Atrial Fibrillation Facts and Statistics

Atrial Fibrillation Facts and Statistics

Atrial fibrillation, also referred to as AFib, is a type of arrhythmia, i.e. abnormal heartbeat, that can cause numerous heart-related complications like blood clots, heart failure, and stroke. That said, AFib is a very serious condition that may result in life-threatening complications.

This irregular and rapid heartbeat can occur with or without any signs or symptoms and may occur either in short episodes or be a permanent condition. In most cases, immediate medical attention is necessary. So, continue reading this article and find out more about atrial fibrillation facts and statistics to be able to identify the arrhythmia and seek help in case you need it.


Believe it or not, atrial fibrillation is the most commonly diagnosed arrhythmia in clinical practice. According to estimates, the prevalence of AFib in the U.S. ranges from 2.7 to 6.1 million. By 2030, it is believed that this number will reach a whopping 12.1 million.

On a global level, 33.5 million suffered from AFib in 2010. Furthermore, about 2% of people under the age of 65 and 9% of people older than 65 have atrial fibrillation. Plus, those who don’t identify as white are less likely to suffer from AFib, according to research.


As we already noted, atrial fibrillation can occur with or without symptoms. Nevertheless, if there are still signs of the condition, the most common symptoms are shortness of breath and heart palpitations. Other signs of the condition include:

  • Irregular heartbeat
  • Chest pain or discomfort
  • Faintness
  • Confusion
  • Lightheadedness
  • Dizziness
  • Extreme fatigue

Causes and Risk Factors

The most common cause of AFib is abnormality or damage to the heart’s structure. In short, people are at higher risk of developing this type of arrhythmia if they have:

  • Coronary heart disease
  • Heart defects
  • Heart failure
  • High blood pressure
  • Rheumatic heart disease
  • Pericarditis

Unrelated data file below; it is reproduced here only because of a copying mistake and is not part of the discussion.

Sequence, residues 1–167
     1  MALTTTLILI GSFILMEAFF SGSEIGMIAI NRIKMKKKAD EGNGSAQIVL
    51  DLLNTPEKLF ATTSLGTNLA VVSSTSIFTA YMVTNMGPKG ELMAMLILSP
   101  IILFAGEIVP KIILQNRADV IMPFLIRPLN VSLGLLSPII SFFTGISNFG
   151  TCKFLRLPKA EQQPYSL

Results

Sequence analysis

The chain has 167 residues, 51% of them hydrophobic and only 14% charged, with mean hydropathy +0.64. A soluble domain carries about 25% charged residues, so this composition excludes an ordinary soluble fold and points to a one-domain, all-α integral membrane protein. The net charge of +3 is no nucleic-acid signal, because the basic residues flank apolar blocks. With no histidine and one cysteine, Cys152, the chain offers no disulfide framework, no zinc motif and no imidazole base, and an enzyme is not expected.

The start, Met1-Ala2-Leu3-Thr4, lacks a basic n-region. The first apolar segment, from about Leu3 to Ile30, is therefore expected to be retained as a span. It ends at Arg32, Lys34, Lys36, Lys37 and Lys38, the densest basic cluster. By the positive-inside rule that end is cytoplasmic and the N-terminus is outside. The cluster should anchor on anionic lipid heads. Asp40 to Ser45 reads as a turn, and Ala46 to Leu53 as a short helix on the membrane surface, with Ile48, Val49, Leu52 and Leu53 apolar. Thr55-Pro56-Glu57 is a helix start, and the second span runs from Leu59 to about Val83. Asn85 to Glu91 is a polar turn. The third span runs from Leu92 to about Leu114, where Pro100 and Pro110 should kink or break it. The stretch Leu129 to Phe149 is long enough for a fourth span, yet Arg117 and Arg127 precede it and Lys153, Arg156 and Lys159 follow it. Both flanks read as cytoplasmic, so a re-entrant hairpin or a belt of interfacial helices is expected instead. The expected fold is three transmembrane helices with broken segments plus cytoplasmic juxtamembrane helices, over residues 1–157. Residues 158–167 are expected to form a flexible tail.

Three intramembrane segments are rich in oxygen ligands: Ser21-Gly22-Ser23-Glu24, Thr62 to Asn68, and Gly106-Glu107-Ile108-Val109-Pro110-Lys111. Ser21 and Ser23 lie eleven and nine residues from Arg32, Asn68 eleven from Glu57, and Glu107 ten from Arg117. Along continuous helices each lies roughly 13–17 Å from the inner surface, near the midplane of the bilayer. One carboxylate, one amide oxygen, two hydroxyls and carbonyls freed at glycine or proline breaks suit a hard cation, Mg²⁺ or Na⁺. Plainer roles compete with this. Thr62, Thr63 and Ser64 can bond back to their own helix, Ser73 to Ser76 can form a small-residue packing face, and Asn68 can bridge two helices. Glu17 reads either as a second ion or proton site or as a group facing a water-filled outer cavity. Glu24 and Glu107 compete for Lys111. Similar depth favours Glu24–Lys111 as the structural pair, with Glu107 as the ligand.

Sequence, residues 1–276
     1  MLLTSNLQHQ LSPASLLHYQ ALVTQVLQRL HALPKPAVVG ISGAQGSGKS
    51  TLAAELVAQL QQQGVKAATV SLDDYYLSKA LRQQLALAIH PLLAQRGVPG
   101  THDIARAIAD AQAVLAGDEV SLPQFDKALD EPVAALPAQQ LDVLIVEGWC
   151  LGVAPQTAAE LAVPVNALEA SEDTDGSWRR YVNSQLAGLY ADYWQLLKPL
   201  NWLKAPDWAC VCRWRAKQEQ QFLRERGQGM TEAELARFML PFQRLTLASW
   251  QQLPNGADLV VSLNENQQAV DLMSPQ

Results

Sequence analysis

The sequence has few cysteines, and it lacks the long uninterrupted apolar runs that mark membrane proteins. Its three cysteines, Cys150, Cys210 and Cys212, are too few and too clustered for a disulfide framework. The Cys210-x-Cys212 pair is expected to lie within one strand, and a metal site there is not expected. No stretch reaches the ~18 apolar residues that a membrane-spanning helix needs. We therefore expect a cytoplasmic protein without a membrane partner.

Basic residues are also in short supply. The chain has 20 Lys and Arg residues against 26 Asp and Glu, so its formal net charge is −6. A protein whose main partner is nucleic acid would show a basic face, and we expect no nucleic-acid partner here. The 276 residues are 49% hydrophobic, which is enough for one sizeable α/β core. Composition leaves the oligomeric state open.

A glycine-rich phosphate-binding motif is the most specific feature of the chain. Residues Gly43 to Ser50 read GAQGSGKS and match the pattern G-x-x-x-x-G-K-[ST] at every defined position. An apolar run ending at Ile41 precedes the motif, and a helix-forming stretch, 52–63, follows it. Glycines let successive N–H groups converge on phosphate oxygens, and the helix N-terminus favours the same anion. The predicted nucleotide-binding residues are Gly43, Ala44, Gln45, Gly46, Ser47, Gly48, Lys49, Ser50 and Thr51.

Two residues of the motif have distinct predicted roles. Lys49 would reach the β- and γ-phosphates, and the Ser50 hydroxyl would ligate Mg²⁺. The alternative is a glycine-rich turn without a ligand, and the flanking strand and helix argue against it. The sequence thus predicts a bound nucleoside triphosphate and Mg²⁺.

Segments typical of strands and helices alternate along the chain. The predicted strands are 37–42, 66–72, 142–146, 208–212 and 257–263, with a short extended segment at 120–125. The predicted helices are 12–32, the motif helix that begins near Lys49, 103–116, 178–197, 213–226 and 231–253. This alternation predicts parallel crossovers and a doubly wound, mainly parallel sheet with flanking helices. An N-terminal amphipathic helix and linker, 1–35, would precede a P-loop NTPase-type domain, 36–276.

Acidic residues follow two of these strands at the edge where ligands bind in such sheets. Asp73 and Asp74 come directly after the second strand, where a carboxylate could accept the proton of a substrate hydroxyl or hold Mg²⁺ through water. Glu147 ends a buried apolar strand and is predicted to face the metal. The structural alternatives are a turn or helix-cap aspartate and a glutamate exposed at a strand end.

• Hyperthyroidism
  • Diabetes
  • Metabolic syndrome
  • Obesity
  • Kidney disease
  • Lung disease
  • Sleep apnea
  • A family history of AFib

In addition, those who have cardiovascular conditions and procedures such as stroke and heart failure have an increased mortality rate. Also, stress, mental health issues, caffeine consumption, and alcohol misuse have also been linked to an increased risk for AFib.

What’s more, the risk of getting atrial fibrillation increases with age. Precisely speaking, around 70% of AFib patients are between the ages of 65 and 85. Similarly, this arrhythmia is more prevalent in men and those of European ancestry.


Although it is frequently unrecognized, atrial fibrillation is a serious condition that could be lethal if left untreated or at least result in serious complications.

Statistics show that people with AFib are at a 5 times higher risk of having a stroke compared to people without the condition. Similarly, when the heart beats abnormally fast, it can even result in heart failure. Atrial fibrillation may also cause blood clots which may travel in the bloodstream and cause blockage.

Treatment Options

Last but not least, let’s have a look at the atrial fibrillation treatment options available. Namely, the treatment depends on whether or not you have any other disease or condition causing the AFib and varies from person to person. In general, common treatment options for atrial fibrillation include:

  • Medications that control the heart’s rhythm and rate
  • Medications that prevent blood clots, called blood-thinners
  • Surgery or other procedures
  • Healthy lifestyle changes

And, if you don’t have AFib but are at risk of developing it, ensure you keep your heart healthy to prevent the condition by keeping normal blood pressure, cholesterol, and triglyceride levels.